Waiver of counsel, 2014

The right to counsel cannot be waived by a juvenile who is not represented by his or her parent, guardian, or custodian. A juvenile who is represented by his or her parent, guardian, or custodian may waive counsel if the waiver is knowingly, intelligently, and voluntarily made.

  • Restrictions on waivers
  • No restrictions
  • Reflects laws as of the end of 2013 legislative sessions.
  • Age

    No restrictions

  • Crime

    No restrictions

  • Hearing

    No restrictions

  • Placement

    No restrictions

Timing of counsel, 2013

In North Dakota, an attorney for a juvenile can be appointed at the following points in the process: Detention Hearing / First Court Appearance / Arraignment; Once a Petition is Filed / Hearing on the Petition.

  • Reflects laws as of the end of 2013 legislative sessions.

Indigency requirements, 2013

Organized at the state level

Organizer: Commission on Legal Counsel for Indigents (CLCI).  (Additional detail concerning the organization and administration of juvenile defense is available in a state profile from the National Juvenile Defender Center.)

Indigency is not determined legislatively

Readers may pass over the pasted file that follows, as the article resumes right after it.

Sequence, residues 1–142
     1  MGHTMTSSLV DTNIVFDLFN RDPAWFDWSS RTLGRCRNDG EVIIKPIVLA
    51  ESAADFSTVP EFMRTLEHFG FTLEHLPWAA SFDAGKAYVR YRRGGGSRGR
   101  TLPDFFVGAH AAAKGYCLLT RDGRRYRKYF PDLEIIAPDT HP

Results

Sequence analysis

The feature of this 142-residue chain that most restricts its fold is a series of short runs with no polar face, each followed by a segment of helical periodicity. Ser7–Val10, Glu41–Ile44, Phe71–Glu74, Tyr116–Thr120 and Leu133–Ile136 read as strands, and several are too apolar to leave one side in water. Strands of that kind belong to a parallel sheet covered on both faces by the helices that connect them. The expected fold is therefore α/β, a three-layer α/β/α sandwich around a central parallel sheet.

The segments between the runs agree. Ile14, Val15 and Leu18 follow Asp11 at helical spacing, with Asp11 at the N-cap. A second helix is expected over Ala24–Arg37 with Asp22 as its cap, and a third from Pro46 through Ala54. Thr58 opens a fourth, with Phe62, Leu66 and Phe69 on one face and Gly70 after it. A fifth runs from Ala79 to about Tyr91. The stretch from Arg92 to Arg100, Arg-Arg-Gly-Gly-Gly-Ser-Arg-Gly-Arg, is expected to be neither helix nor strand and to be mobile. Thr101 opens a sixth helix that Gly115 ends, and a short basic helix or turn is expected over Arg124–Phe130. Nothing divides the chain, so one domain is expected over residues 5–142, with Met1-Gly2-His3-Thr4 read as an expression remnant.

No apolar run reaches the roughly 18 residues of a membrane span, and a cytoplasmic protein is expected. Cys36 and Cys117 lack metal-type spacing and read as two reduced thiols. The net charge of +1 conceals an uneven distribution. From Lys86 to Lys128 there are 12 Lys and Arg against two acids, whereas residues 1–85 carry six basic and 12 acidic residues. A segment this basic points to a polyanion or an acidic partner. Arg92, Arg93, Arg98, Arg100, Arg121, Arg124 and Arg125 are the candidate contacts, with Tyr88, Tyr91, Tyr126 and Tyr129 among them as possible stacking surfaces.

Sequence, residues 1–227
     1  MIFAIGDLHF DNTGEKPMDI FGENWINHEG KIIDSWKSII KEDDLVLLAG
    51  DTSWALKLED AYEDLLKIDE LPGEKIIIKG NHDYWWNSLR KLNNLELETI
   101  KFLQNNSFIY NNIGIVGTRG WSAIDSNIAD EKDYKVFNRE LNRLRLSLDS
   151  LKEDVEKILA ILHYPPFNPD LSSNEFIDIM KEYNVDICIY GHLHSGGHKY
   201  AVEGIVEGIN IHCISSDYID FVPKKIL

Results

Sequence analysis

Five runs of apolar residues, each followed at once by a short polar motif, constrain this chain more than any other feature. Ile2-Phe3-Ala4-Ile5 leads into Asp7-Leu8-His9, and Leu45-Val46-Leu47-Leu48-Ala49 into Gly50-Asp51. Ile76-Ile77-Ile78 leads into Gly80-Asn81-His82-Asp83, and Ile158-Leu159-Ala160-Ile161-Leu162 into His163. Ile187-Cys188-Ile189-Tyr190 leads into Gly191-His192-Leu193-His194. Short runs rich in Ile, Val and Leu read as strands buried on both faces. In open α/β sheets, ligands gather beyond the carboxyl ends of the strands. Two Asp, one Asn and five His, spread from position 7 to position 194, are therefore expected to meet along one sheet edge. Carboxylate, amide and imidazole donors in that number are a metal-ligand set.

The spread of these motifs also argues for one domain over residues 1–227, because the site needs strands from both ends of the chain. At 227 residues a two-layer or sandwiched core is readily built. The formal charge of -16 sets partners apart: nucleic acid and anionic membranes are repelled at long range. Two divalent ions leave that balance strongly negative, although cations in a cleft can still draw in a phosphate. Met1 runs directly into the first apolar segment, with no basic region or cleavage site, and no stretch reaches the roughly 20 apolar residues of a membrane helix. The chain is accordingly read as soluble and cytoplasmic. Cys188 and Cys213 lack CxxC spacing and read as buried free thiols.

Indigency is judicially determined. Court can / must appoint attorney for juvenile if there is a conflict of interest between the juvenile and the parent.

  • Reflects laws as of the end of 2013 legislative sessions.

Courtroom shackling, 2015

Restricted by judiciary

In re R.W.S., 728 N.W.2d 326 (N.D. 2007) held that the juvenile court had a duty to exercise its discretion when youth requests removal of handcuffs during the adjudicatory hearing. The youth’s due process right to a fair trial was violated when the referee failed to exercise discretion, and deferred the decision to law enforcement.  Since no subsequent rules were issued, this could be interpreted to mean that findings are only required if a juvenile requests removal during adjudication hearings.

Sex offender registration, 2015

Registers

Competency, 2015

In North Dakota, no statute or court rule applies directly to juvenile competency proceedings or refers application of other (adult) rules to juveniles. Although not binding, a state Supreme Court opinion stated that juveniles have a due process right not to be subjected to the adjudicative stage of juvenile proceedings while incompetent and held that the juvenile court did not violate juvenile's due process rights when it failed to order a competency hearing to determine whether juvenile was competent to proceed with the adjudicative stage because only the matter of age was raised (rather than Dusky standards).

  • No juvenile standard

  • Juvenile standard is the adult standard

  • Juvenile justice standard exists

  • JJ standard includes developmental immaturity

About this project

Juvenile Justice GPS (Geography, Policy, Practice, Statistics) is a project to develop a repository providing state policy makers and system stakeholders with a clear understanding of the juvenile justice landscape in the states.

Continue reading »

Feedback

Tell us what you think of JJGPS. Questions, feedback, or other comments are welcomed.

Questions or feedback »

Follow on Twitter »